30. 30.
    Miller, M. J., S. Ahmed, P. Bobrowski, and T. M. Haqqi. The chrondoprotective actions of a natural product are associated with the activation of IGF-1 production by human chondrocytes despite the presence of IL-1β. BMC Complement Altern. Med. 6:13, 2006.CrossRefGoogle Scholar
  31. 31.
    Mohan, N., V. Gupta, B. Sridharan, A. Sutherland, and M. S. Detamore. The potential of encapsulating “raw materials” in 3D osteochondral gradient scaffolds. Biotechnol. Bioeng. 111:829–841, 2014.CrossRefGoogle Scholar
  32. 32.
    Murphy, K. C., S. Y. Fang, and J. K. Leach. Human mesenchymal stem cell spheroids in fibrin hydrogels exhibit improved cell survival and potential for bone healing. Cell Tissue Res. 357:91–99, 2014.CrossRefGoogle Scholar
  33. 33.
    Ng, K., J. DeFrancis, L. Kugler, T.-A. Kelly, M. Ho, C. O’Conor, G. Ateshian, and C. Hung. Amino acids supply in culture media is not a limiting factor in the matrix synthesis of engineered cartilage tissue. Amino Acids. 35:433–438, 2008.CrossRefGoogle Scholar
  34. 34.
    Orozco, L., A. Munar, R. Soler, M. Alberca, F. Soler, M. Huguet, J. Sentís, A. Sánchez, and J. García-Sancho. Treatment of knee osteoarthritis with autologous mesenchymal stem cells: A pilot study. Transplantation. 95:1535–1541, 2013.CrossRefGoogle Scholar
  35. 35.
    Siddappa, R., R. Licht, C. van Blitterswijk, and J. de Boer. Donor variation and loss of multipotency during in vitro expansion of human mesenchymal stem cells for bone tissue engineering. J. Orthop. Res. 25:1029–1041, 2007.CrossRefGoogle Scholar
  36. 36.
    Spiller, K. L., Y. Liu, J. L. Holloway, S. A. Maher, Y. Cao, W. Liu, G. Zhou, and A. M. Lowman. A novel method for the direct fabrication of growth factor-loaded microspheres within porous nondegradable hydrogels: Controlled release for cartilage tissue engineering. J. Controlled Rel. 157:39–45, 2012.CrossRefGoogle Scholar
  37. 37.
    Sridharan, B., A. D. Laflin, M. A. Holtz, D. M. Pacicca, N. K. Wischmeier, and M. S. Detamore. In vivo evaluation of stem cell aggregates on osteochondral regeneration. J. Orthop. Res. 35(8):1606–1616, 2016.CrossRefGoogle Scholar
  38. 38.
    Tan, H., C. R. Chu, K. A. Payne, and K. G. Marra. Injectable in situ forming biodegradable chitosan–hyaluronic acid based hydrogels for cartilage tissue engineering. Biomaterials. 30:2499–2506, 2009.CrossRefGoogle Scholar
  39. 39.
    Vinardell, T., E. J. Sheehy, C. T. Buckley, and D. J. Kelly. A comparison of the functionality and in vivo phenotypic stability of cartilaginous tissues engineered from different stem cell sources. Tissue Eng. Part A. 18:1161–1170, 2012.CrossRefGoogle Scholar
  40. 40.
    Wang, L., and M. S. Detamore. Effects of growth factors and glucosamine on porcine mandibular condylar cartilage cells and hyaline cartilage cells for tissue engineering applications. Archives of oral biology 54:1–5, 2009.CrossRefGoogle Scholar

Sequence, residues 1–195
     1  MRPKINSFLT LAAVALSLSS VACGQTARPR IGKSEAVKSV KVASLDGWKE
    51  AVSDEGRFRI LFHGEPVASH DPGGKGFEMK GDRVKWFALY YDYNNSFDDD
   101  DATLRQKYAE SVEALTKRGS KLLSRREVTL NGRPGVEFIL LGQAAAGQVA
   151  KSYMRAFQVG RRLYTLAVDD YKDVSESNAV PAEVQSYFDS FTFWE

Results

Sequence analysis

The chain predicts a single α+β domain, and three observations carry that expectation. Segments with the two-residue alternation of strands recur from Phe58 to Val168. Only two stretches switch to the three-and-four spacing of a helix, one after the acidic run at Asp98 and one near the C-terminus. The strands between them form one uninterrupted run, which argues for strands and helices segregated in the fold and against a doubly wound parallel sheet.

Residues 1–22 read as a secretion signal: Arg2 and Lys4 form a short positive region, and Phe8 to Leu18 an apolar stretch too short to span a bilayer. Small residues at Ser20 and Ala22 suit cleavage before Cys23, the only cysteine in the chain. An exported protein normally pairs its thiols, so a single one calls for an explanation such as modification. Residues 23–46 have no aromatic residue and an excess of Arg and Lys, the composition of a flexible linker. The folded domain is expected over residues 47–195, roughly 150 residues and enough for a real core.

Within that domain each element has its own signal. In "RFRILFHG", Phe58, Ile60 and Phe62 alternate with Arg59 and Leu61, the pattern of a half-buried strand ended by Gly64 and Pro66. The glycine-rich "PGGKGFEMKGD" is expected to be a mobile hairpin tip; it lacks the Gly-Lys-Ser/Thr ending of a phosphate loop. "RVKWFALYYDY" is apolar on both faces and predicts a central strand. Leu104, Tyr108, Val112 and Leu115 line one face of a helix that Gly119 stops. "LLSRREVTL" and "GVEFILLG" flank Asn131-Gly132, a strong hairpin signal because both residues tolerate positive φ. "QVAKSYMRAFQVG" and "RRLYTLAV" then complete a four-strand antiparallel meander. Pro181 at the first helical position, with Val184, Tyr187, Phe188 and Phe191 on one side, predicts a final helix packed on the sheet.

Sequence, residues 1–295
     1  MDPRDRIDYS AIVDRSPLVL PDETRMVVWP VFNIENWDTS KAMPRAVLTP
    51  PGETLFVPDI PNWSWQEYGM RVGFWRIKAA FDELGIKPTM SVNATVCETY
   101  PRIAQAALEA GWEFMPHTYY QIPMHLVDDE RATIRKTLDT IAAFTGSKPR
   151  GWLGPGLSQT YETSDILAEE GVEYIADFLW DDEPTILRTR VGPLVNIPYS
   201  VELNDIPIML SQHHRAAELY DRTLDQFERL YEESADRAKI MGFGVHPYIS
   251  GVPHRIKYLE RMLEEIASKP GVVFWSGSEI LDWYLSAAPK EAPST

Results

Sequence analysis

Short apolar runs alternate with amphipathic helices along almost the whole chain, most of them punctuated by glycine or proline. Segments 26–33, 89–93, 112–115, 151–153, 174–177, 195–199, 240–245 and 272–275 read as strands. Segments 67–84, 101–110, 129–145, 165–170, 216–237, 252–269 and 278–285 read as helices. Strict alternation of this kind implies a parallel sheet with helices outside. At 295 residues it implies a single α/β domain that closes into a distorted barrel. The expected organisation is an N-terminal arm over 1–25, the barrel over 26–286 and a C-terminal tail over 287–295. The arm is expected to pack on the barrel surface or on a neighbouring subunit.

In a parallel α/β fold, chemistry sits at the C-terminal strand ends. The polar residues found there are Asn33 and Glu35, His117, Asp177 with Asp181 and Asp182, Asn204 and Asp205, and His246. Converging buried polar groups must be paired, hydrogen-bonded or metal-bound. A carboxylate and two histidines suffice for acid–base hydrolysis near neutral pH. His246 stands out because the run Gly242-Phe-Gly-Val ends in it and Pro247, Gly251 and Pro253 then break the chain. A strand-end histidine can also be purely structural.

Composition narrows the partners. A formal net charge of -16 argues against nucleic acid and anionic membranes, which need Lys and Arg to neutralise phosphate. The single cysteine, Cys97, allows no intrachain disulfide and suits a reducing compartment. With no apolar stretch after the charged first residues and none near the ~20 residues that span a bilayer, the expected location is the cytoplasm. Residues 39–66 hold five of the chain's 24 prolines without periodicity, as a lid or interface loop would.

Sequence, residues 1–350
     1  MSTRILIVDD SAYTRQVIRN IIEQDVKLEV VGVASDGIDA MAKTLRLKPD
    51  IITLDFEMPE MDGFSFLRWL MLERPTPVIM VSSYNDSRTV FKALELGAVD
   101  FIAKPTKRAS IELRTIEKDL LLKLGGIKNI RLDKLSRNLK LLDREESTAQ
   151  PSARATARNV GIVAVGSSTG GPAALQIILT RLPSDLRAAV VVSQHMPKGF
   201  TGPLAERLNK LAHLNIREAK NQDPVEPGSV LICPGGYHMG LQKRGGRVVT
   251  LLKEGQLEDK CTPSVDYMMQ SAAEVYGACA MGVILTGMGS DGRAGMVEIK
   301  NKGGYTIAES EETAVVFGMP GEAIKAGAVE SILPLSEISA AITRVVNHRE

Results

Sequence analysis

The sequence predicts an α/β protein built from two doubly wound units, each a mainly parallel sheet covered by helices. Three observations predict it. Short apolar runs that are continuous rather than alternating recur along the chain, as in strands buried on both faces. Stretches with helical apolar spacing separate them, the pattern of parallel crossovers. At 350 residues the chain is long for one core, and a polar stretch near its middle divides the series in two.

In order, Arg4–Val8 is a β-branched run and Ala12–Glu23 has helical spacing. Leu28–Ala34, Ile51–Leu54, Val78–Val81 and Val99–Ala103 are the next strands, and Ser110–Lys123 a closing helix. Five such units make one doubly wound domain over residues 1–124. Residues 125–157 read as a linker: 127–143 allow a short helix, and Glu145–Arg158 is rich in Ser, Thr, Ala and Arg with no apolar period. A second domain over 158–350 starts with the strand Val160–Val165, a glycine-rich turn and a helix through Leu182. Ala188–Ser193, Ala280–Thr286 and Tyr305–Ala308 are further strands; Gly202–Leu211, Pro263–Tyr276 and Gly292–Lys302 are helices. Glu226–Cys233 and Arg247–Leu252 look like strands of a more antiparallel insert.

41. 41.
    Wang, L., and M. S. Detamore. Insulin-like growth factor-I improves chondrogenesis of predifferentiated human umbilical cord mesenchymal stromal cells. J. Orthop. Res. 27:1109–1115, 2009.CrossRefGoogle Scholar
  42. 42.
    Wilson, R., D. Belluoccio, C. B. Little, A. J. Fosang, and J. F. Bateman. Proteomic characterization of mouse cartilage degradation in vitro. Arthritis Rheum. 58:3120–3131, 2008.CrossRefGoogle Scholar
  43. 43.
    Winter, A., S. Breit, D. Parsch, K. Benz, E. Steck, H. Hauner, R. M. Weber, V. Ewerbeck, and W. Richter. Cartilage-like gene expression in differentiated human stem cell spheroids: A comparison of bone marrow–derived and adipose tissue–derived stromal cells. Arthritis Rheum. 48:418–429, 2003.CrossRefGoogle Scholar
  44. 44.
    Xu, F., B. Sridharan, S. Wang, U. A. Gurkan, B. Syverud, and U. Demirci. Embryonic stem cell bioprinting for uniform and controlled size embryoid body formation. Biomicrofluidics. 5:022207, 2011.CrossRefGoogle Scholar
  45. 45.
    YlÖstalo, J. H., T. J. Bartosh, K. Coble, and D. J. Prockop. Human mesenchymal stem/stromal cells cultured as spheroids are self-activated to produce prostaglandin E2 that directs stimulated macrophages into an anti-inflammatory phenotype. Stem Cells. 30:2283–2296, 2012.CrossRefGoogle Scholar
  46. 46.
    Yoon, H. H., S. H. Bhang, J.-Y. Shin, J. Shin, and B.-S. Kim. Enhanced cartilage formation via three-dimensional cell engineering of human adipose-derived stem cells. Tissue Eng. Part A. 18:1949–1956, 2012.CrossRefGoogle Scholar

Copyright information

© Biomedical Engineering Society 2017

Authors and Affiliations

  • BanuPriya Sridharan
    • 1
  • Amy D. Laflin
    • 2
  • Michael S. Detamore
    • 3
  1. 1.Bioengineering ProgramUniversity of KansasLawrenceUSA
  2. 2.Department of Chemical and Petroleum EngineeringUniversity of KansasLawrenceUSA
  3. 3.Stephenson School of Biomedical EngineeringUniversity of OklahomaNormanUSA

Personalised recommendations